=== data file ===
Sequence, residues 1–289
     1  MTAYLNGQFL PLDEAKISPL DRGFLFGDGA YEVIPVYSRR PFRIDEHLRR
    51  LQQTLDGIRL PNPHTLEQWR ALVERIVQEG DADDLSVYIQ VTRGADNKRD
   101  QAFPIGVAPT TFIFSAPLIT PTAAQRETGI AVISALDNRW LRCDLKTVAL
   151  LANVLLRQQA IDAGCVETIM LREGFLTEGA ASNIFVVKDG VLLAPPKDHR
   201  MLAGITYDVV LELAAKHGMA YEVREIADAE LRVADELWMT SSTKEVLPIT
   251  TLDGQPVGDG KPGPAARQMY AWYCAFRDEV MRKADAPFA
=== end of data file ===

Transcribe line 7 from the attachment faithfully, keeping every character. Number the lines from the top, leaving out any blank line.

   251  TLDGQPVGDG KPGPAARQMY AWYCAFRDEV MRKADAPFA